Impact of tropical SST variations on the linear predictability of the atmospheric circulation in the Atlantic/European region

H. Feddersen

Abstract


Seasonal mean values of tropical Sea Surface Temperature (SST) and Atlantic/European Mean Sea Level Pressure (MSLP) from a 301-year coupled ocean/atmosphere model run are analysed statistically. Relations between the two fields are identified on both interannual and interdecadal timescales. It is shown that tropical SST variability affects Atlantic/European MSLP in winter. In particular, there appears to be a statistically significant relation, between the leading modes of variability, the El Niño/Southern Oscillation (ENSO) and the North Atlantic Oscillation (NAO). During cold ENSO (La Niña) years the NAO tends to be in its positive phase, while the opposite is the case during warm ENSO (El Niño) years, although to a lesser extent. Similar analyses that are presented for gridded observational data, confirm this result, although here tropical Atlantic SST appears to be stronger related to the NAO than tropical Pacific SST. The linear predictability of a model simulated NAO index is estimated by making statistical predictions that are based on model simulated tropical SST. It is shown that the predictive skill is rather insensitive to the length of the training period. On the other hand, the skill score estimate can vary significantly as a result of interdecadal variability in the climate system. These results are important to bear in mind when making statistical seasonal forecasts that are based on observed SST.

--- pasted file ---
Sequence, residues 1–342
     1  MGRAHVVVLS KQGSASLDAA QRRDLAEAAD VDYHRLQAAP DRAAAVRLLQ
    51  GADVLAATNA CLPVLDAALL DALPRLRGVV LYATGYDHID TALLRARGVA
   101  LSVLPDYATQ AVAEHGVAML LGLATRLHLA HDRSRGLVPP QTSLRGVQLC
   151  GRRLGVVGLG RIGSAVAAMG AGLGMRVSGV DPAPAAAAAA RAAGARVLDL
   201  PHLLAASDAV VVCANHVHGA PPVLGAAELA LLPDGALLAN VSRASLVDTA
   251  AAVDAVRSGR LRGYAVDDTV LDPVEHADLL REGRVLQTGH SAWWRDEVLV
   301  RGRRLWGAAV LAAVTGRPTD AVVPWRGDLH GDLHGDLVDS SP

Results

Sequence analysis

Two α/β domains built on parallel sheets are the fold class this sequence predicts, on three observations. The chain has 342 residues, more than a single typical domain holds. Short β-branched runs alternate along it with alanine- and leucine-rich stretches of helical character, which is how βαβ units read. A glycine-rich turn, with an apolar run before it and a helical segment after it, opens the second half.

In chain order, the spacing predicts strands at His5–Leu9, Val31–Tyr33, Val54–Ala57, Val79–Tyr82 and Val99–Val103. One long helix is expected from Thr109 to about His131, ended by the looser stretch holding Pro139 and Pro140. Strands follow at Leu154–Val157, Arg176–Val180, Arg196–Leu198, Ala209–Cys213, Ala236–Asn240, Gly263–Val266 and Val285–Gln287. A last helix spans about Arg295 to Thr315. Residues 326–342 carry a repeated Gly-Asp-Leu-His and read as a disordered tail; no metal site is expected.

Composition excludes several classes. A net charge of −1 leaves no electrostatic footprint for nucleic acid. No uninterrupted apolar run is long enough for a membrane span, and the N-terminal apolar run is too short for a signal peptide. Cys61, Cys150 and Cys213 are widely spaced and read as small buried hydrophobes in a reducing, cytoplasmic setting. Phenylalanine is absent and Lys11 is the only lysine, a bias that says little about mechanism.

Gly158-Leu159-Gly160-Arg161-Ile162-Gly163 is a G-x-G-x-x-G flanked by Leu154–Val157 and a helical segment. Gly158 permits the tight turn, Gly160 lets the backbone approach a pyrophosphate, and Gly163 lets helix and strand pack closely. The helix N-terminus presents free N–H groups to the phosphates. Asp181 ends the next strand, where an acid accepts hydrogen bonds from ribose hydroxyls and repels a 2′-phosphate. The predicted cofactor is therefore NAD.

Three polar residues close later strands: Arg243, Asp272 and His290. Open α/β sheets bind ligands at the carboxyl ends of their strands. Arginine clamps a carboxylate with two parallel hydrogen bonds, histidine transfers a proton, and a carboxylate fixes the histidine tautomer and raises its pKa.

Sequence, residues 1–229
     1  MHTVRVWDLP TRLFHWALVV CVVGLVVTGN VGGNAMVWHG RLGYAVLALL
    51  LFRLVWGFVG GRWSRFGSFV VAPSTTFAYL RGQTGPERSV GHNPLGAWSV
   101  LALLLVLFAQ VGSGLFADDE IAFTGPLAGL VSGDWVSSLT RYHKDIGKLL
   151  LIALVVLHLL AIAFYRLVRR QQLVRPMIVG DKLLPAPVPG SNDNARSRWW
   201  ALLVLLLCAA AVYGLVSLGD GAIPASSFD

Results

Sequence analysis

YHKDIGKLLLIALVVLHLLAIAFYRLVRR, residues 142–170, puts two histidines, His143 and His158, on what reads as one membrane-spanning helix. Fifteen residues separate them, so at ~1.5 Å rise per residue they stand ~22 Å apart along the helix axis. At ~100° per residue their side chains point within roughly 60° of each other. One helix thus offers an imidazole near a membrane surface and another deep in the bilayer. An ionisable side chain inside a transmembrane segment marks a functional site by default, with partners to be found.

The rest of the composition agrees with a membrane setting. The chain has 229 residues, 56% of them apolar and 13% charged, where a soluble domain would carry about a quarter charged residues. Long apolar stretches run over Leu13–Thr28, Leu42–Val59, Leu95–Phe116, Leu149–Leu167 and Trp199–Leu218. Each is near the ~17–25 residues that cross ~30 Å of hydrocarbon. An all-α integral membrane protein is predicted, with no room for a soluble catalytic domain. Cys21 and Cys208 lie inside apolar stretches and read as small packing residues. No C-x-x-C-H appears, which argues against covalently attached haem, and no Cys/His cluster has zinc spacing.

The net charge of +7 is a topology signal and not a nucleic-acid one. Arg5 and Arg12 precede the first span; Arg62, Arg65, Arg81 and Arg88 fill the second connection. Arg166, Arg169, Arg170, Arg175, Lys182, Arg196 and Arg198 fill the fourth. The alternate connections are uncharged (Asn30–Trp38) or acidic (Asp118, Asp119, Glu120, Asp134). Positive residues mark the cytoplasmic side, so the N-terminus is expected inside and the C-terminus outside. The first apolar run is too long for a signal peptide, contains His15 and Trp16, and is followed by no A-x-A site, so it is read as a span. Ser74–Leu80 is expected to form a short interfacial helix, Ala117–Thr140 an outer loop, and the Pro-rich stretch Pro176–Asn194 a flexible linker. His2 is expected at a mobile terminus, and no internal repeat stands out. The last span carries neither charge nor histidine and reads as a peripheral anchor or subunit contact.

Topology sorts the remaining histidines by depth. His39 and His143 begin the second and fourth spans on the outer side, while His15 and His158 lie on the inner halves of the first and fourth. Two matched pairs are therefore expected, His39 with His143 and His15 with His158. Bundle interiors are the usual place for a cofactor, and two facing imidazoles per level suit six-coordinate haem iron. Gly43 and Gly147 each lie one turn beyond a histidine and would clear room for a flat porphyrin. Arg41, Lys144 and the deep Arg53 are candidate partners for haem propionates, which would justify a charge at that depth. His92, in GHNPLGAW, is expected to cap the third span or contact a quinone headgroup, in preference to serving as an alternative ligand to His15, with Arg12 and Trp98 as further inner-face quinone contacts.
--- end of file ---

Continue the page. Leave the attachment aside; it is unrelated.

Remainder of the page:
Keywords


interactions;climate variability

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References


DOI: https://doi.org/10.4401/ag-3381
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Published by INGV, Istituto Nazionale di Geofisica e Vulcanologia - ISSN: 2037-416X